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Swordfish: A True Story of Ambition, Savagery, and Betrayal.

To the surprise of the publishers who paid a $1 million advance for it, this long-awaited bombshell of a book, eight years in the making, has been a dud at the sales counter. Indecent Exposure, McClintick's earlier expose of wheeler-dealers in the movie industry, caused a great fuss that put Hollywood on the momentary defensive. This time around, he exposes the bumblers in the Drug Enforcement Agency, but nobody seems to care.

Even in Miami, the national capital of smuggling where Swordfish is set, the book appeared on the best-seller list for only two or three weeks. The titillation of McClintick's naming names - crooked lawyers, money-laundering bankers, inept DEA officials engrossed in petty disputes, several of whom still live in the area - has not been enough to draw people into local bookstores. All of this is shame. Ignore the unconvincing policy prescription at the end of this book and you've got a terrifically engrossing tale with a cast of characters Hollywood would be hard-pressed to imagine.

Swordfish is devoted to a single DEA sting: Operation Swordfish. (In South Florida, narcotics cases and sports franchises are both named after marine life.) What makes this a gripping story is that McClintick infiltrates the feds as well as the bad guys and gives details that you've amazed he could have discovered. Many of these come to him through tape recorders and hidden microphones that are the stock in trade of narcotics agents. When agents aren't wiretapping their suspects, they are taping their own conversations with co-workers, informants, and their bosses at the DEA. Since nobody in this business seems to trust anybody else, people are bugging each other constantly. So when McClintick reconstruct a dialogue, it's verbatim.

Between the Columbian drug kingpins and their U.S. representatives, the informants and their aliases, the long list of government bureaucrats assigned to the case and their overlapping jurisdictions, this is a complicated adventure. Other equally complicated adventures involving international crimes, banks, and government bureaucrats - the BCCI scandal, for example - have produced books in which it's impossible to keep track of who is doing what to whom, so the reader loses interest. In Swordfish, this doesn't happen, because McClintick can tell a story, as opposed to simply hanging the quotes around the facts and calling the result a narrative.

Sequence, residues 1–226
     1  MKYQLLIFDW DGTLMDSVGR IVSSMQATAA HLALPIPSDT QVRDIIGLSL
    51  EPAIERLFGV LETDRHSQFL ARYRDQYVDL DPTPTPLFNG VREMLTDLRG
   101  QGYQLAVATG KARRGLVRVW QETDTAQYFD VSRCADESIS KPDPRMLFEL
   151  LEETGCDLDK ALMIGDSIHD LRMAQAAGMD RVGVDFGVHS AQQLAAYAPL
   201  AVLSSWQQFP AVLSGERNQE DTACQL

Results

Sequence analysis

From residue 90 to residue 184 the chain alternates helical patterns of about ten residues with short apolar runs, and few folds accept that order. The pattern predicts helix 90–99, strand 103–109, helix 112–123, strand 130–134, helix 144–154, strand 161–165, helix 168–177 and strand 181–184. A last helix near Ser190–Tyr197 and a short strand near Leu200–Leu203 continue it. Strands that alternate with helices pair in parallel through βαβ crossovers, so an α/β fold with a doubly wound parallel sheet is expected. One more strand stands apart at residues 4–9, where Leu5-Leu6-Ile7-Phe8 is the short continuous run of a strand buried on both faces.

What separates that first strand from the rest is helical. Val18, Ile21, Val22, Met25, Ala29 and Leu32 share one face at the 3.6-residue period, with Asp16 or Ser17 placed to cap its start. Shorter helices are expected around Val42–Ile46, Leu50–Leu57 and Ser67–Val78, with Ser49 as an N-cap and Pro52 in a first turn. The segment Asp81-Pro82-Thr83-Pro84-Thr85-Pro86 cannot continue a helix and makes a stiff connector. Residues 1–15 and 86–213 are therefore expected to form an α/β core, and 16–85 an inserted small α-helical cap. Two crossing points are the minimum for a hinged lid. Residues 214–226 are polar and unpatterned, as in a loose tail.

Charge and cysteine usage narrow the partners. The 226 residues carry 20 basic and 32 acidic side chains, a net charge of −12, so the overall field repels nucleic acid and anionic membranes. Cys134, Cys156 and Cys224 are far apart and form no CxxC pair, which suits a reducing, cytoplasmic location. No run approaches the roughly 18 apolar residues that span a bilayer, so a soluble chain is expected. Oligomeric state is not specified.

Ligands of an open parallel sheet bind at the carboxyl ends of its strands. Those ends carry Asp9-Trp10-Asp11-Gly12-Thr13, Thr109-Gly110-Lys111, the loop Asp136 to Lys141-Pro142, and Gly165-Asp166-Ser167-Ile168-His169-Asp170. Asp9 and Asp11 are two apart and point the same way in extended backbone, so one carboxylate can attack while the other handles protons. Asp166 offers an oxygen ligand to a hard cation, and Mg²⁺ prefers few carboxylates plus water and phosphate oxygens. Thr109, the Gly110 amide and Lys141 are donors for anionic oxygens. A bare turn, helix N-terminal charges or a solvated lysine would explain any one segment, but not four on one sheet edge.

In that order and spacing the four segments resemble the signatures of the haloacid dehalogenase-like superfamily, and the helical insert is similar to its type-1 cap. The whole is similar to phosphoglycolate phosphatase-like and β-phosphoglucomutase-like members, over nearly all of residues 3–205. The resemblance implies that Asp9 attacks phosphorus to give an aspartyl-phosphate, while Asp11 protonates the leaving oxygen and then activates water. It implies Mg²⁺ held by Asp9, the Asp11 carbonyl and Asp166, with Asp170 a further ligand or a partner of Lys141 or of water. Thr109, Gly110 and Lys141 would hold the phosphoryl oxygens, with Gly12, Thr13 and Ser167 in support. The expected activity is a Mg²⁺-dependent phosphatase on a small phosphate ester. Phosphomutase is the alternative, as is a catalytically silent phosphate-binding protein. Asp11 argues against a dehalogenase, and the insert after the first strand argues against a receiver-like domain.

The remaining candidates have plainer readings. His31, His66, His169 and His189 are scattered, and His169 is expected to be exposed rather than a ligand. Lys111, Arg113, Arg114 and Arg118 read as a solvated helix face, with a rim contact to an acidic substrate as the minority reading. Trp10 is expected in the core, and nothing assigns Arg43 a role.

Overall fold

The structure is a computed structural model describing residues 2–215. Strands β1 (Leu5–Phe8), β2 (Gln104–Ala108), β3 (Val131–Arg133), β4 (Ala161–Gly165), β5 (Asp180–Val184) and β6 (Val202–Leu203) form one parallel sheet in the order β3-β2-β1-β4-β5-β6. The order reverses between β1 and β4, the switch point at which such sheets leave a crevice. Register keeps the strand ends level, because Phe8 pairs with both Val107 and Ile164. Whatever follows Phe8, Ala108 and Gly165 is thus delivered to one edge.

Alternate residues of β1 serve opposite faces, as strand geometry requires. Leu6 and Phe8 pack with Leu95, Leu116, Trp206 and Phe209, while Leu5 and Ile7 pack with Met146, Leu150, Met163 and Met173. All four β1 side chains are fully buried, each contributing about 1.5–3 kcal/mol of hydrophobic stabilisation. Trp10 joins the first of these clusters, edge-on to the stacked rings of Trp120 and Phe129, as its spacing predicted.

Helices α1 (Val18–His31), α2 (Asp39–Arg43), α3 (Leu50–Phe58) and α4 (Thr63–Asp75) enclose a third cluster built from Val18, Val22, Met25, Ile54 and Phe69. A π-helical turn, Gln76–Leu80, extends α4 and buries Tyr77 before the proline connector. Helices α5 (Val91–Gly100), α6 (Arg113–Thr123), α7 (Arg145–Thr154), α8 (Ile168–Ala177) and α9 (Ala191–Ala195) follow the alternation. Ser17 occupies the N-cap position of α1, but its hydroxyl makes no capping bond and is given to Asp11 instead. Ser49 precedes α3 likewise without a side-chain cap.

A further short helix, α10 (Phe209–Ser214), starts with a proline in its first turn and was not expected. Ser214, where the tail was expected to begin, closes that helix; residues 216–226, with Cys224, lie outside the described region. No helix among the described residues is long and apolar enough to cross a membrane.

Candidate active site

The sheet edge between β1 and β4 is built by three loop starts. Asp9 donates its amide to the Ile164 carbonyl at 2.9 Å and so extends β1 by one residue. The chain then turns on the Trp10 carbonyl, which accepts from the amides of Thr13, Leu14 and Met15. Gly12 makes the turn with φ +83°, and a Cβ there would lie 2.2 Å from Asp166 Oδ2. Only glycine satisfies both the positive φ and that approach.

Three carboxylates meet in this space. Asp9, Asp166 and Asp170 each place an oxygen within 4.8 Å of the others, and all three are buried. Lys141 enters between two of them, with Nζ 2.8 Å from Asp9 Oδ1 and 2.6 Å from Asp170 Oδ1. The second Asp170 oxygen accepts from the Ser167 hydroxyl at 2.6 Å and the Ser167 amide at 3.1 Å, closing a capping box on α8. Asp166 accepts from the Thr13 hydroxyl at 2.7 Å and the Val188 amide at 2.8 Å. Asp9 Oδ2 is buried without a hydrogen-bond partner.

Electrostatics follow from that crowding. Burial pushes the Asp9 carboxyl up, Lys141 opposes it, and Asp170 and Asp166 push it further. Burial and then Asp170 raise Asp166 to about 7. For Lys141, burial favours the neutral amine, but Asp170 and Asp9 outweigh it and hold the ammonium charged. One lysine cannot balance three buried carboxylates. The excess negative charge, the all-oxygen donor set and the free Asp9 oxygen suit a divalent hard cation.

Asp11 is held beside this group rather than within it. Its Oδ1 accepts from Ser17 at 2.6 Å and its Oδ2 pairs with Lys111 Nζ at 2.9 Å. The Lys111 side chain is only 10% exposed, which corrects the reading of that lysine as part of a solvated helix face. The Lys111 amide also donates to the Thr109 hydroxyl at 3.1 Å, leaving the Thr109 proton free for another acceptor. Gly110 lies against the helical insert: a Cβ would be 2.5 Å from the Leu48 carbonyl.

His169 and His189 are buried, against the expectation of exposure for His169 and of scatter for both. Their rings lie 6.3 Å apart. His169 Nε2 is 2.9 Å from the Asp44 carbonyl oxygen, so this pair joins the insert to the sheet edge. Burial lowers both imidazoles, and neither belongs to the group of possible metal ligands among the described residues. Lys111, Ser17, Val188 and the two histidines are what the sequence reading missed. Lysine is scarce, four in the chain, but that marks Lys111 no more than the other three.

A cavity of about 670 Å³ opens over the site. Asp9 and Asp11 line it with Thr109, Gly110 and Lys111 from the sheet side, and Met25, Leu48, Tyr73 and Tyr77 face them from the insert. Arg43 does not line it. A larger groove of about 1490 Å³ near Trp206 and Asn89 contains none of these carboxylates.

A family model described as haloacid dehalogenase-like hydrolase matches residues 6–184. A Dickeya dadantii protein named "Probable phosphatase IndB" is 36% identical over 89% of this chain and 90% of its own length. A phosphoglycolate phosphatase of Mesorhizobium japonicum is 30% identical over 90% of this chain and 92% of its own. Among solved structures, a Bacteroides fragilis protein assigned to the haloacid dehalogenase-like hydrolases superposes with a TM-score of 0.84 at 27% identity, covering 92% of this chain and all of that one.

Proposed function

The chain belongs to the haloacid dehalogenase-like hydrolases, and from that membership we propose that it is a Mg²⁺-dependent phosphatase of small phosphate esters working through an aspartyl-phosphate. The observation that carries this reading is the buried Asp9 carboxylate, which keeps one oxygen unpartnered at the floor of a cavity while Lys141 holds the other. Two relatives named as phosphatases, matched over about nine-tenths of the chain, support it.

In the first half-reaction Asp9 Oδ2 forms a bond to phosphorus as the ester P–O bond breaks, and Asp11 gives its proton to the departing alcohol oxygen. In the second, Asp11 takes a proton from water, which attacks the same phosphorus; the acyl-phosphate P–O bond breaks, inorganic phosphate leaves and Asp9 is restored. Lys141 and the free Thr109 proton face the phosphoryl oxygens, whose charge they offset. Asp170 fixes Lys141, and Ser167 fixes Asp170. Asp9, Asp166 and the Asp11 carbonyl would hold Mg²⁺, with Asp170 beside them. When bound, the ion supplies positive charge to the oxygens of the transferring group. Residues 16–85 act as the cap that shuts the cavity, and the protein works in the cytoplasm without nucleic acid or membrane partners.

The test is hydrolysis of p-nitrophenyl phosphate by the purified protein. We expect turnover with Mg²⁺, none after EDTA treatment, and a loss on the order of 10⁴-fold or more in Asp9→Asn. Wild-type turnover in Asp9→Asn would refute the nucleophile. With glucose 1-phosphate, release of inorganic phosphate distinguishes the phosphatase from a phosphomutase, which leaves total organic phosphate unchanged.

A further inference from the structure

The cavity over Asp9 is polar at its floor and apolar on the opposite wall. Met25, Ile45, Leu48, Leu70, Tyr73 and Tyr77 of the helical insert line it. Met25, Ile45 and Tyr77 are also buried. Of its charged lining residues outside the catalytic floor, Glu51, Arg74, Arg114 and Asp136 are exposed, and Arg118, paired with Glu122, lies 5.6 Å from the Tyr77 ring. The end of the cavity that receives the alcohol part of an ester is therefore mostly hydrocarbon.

Swordfish begins in the early eighties, when certain factions in U.S. drug enforcement have begun to realize that busting a boatload of cocaine, and then a bigger load of cocaine, and so on, is not the same thing as stopping cocaine traffic; in fact, the bigger busts are a sure sign that more and more drugs are getting through. The only effective way to stop the flow, these factions argue, is to attack the major suppliers through their banks and their laundering operations. By confiscating the profits from drugs, the theory goes, the government can put suppliers out of business.

After much bureaucratic ping-pong, the Miami DEA gets the OK from Washington to experiment with this new approach. It sets up a phony investment company, Dean International, which offers banking services to the cocaine trade. As it turns out, the government is no more adept at running a phony investment company than it is at running the Post Office. Nobody seems to be in charge. There are squabbles among the DEA agents, squabbles between the agents and their bosses, squabbles with Washington, and more squabbles with the FBI, which is worried that the DEA's Operation Swordfish will undermine its own similar Operation Greenback, or that the DEA will hog the limelight if both operations succeed.

Moreover, the DEA in Miami is top-heavy with gringos, and this is a Latin American town. Nobody in the agency can play the role of Latin banker, which is what Dean Investments needs before it can gain any credibility with the smuggling crowd. To ensnare anyone at all, the DEA relies on informants, mostly local dealers who are happy to throw the agency an occasional small-timer in return for being allowed to stay in business themselves.

Snow business

Enter Robert Darias, a middle-aged Cuban exile who walks unannounced through the DEA's front door and becomes the hero of Swordfish. Like many of his fellow exiles, Darias fought at the Bay of Pigs. He was captured and locked in a Cuban jail, the released in President Kennedy's famous ransom deal and returned to Miami. Darias makes some profitable real estate investments, but his relaxed, tropical attitude toward certain gringo rituals - like tax-paying - gets him in trouble. Soon, he finds himself in a U.S. jail on tax evasion charges. Darias the ex-con, nearly destitute and still owing back taxes to the IRS, offers his services to the DEA as a sort of freelance infiltrator.